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How many babies die from genetic diseases because they’re not tested? Too many, researchers say

gene testing

Genetic diseases kill more infants than anyone realizes.

That’s the central conclusion of a new study from the Rady Institute for Genomic Medicine in San Diego. The paper, published online Thursday, uses whole-genome genetic sequencing to examine the circumstances of 112 San Diego County babies who died from 2015 through 2020.

Researchers found evidence of “single locus” gene mutations in 46 babies that are linked to fatal conditions such as polycystic kidney disease, CHARGE syndrome and trisomy 21. Examining each child’s medical history and searching medical literature, they found that there were medical treatments available for 14 of the identified genetic diseases. In five cases, findings conclude that had timely diagnosis and treatment been available, “death might have been avoided.”

Dr. Euan Ashley, a personalized medicine specialist who directs the Clinical Genome Program at Stanford University, read the paper and said he agrees with the suggestion that earlier analysis could prevent death by helping start treatment sooner.

“Few deaths are more tragic than the death of a child,” Ashley said. “This study shows that a test, the basic (sequencing) element of which is now available for $200, is likely to have dramatic benefits if deployed early in the clinical course.”

The investigation also examined the death certificates completed for all 46 babies with disease-linked genetic mutations, finding that no genetic condition was noted as the root cause in 28. Because these conditions do not have their own category in national guidelines for categorizing causes of death, researchers created one, finding that 41 percent of deaths had a genetic cause.

It’s a significantly larger share than is visible in the most-recent accounting of infant mortality in the United States published by the National Vital Statistics System. In 2020, the report attributes 4,047 of the nation’s 19,578 deaths—21%—before age one to “congenital malformations, deformations and chromosomal abnormalities.”

Dr. Stephen Kingsmore, the Rady institute’s director, explained that the current classifications system for deaths masks the genetic origins.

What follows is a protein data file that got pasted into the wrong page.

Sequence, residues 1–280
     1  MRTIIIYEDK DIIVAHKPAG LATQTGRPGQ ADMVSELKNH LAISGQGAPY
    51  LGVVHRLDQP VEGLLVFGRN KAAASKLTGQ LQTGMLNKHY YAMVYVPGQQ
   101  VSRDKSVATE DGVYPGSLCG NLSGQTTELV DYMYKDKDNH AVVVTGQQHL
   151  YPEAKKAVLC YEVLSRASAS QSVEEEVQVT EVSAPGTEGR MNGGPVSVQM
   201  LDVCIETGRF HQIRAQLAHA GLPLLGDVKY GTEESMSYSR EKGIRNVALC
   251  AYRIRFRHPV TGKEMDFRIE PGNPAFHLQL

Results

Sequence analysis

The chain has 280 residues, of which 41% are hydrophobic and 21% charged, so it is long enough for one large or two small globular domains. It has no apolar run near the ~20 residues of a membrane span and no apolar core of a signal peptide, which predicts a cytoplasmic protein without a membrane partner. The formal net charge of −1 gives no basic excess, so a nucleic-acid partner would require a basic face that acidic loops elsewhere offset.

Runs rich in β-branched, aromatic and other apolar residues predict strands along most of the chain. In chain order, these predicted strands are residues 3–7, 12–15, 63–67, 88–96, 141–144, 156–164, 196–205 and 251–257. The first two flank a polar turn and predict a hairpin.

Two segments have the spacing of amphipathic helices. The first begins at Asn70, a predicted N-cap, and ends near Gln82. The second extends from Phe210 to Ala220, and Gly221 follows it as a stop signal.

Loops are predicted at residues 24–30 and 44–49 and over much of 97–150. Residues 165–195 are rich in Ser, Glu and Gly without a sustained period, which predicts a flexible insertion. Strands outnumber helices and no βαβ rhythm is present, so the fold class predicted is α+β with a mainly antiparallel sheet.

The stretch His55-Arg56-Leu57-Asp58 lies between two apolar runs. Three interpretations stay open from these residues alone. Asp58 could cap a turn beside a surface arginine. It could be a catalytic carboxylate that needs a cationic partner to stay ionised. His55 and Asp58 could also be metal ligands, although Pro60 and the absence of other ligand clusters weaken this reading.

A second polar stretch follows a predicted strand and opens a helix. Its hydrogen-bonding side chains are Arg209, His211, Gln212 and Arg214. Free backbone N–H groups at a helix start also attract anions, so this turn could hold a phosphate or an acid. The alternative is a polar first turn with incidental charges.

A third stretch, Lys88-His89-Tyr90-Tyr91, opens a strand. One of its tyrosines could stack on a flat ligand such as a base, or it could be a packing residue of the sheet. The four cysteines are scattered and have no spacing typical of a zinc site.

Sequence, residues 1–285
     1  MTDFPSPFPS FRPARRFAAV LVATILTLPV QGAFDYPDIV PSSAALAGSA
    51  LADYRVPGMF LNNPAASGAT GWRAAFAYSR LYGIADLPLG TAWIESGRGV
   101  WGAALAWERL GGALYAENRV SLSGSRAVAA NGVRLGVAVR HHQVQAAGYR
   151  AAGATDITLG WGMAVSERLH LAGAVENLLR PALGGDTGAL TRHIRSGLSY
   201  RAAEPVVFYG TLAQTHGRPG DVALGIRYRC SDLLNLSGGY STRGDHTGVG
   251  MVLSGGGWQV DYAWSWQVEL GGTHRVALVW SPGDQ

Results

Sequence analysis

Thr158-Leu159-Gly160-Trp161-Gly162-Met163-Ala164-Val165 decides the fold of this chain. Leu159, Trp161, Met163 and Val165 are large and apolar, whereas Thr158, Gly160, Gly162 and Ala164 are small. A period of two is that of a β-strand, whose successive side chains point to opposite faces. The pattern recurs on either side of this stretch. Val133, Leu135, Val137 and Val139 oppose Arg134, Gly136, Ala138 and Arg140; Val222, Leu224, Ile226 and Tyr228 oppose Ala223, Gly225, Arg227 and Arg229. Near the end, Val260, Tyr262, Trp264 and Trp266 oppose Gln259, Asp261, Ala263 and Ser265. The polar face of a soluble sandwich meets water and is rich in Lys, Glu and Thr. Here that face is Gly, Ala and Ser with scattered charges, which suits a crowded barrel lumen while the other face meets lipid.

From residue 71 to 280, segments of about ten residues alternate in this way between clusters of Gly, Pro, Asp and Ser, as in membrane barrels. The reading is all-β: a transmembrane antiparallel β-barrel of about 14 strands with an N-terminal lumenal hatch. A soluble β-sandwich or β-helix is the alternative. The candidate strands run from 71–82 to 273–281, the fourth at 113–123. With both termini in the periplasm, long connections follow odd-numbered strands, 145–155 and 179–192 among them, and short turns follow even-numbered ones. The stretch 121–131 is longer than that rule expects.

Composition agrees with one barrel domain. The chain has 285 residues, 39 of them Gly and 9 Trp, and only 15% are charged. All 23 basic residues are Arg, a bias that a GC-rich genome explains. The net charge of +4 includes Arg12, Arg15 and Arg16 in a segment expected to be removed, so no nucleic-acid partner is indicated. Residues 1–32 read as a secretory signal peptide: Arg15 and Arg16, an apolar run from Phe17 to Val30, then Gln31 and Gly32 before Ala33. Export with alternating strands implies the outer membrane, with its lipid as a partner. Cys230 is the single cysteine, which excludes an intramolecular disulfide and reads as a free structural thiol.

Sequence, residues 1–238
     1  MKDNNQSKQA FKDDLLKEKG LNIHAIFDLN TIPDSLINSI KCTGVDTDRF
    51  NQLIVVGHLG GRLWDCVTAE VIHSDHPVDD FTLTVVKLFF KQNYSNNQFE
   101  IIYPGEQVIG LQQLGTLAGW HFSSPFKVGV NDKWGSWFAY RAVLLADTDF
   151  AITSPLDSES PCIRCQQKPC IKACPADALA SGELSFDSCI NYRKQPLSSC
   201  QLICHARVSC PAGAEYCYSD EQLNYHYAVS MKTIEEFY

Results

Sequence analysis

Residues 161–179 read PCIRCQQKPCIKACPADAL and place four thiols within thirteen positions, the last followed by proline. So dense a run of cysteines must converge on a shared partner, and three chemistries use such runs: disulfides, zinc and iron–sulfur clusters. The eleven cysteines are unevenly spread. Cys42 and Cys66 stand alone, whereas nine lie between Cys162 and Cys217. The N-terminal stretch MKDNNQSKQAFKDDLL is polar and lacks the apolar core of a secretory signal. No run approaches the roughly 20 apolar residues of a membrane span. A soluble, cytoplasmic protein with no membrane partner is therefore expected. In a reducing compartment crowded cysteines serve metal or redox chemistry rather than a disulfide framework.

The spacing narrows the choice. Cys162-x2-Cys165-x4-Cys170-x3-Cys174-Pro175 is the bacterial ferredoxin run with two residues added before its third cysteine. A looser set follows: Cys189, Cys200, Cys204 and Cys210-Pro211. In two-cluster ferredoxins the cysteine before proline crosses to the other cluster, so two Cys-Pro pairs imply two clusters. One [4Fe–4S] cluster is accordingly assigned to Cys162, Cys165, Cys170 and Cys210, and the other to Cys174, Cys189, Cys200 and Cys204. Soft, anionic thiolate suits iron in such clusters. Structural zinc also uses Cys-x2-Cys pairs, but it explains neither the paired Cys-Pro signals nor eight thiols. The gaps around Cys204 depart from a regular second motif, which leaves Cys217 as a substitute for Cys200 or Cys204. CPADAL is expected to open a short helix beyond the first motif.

“The way classification is done is sort of by organ system and hasn’t kept pace with our ability to decode genomes and to understand what’s going on at the DNA level,” Kingsmore said. “It reflects a 1940s or 1930s understanding of what causes death.”

The physician and geneticist has pushed for better access to genetic analysis for newborns for years, now promoting BeginNGS, a screening system that uses dried blood samples collected from a newborn’s heel shortly after birth to search for about 400 rare genetic diseases that have proven treatments available.

These tests, he noted, cost hundreds rather than thousands of dollars, as is the case for whole-genome sequencing.

Thus far, though, health insurance companies are not required to pay for genetic testing of babies who might benefit. But that’s starting to change. Michigan, Minnesota and Louisiana have all enacted progressive coverage requirements for genetic sequencing.

“Michigan recognized that it was wrong, and they pay, I think, $6,000 for a genome when the baby could benefit,” Kingsmore said. “Minnesota went further, and they said ‘we’re going to cover all children, not just infants,’ and then Louisiana went one further still and they said ‘we’re going to mandate that the private payers also have to pay if they’re operating in Louisiana.'”

The California Legislature appropriated $3 million in the state budget so that Medi-Cal could begin paying for genetic testing statewide in 2022, but Kingsmore said that, so far, he is unaware of payment being approved for individual infants.

State Assemblyman Brian Maienschein first introduced a bill—AB-114—in 2021 that called for Medi-Cal funding, and a spokesperson in his Sacramento office said by email Wednesday that the benefit “went live as a covered Medi-Cal benefit on Jan. 1, 2022,” with the legislator’s office having “not been made aware of any patients or providers who have had trouble accessing this benefit.”

Ashley, the Stanford genetic specialist who recently broke Kingsmore’s Guiness World Record for the shortest genetic sequencing time, predicted in an email that insurance companies will eventually come around to the fact that early diagnosis often prevents long, expensive hospital stays.

“Any new technology takes some time to be adopted and, in general, payors want to find any reason not to pay,” Ashley said. “In this case, however, it is short-sighted because performing the test earlier would not only save lives but money too.”

2023 The San Diego Union-Tribune.

Distributed by Tribune Content Agency, LLC.

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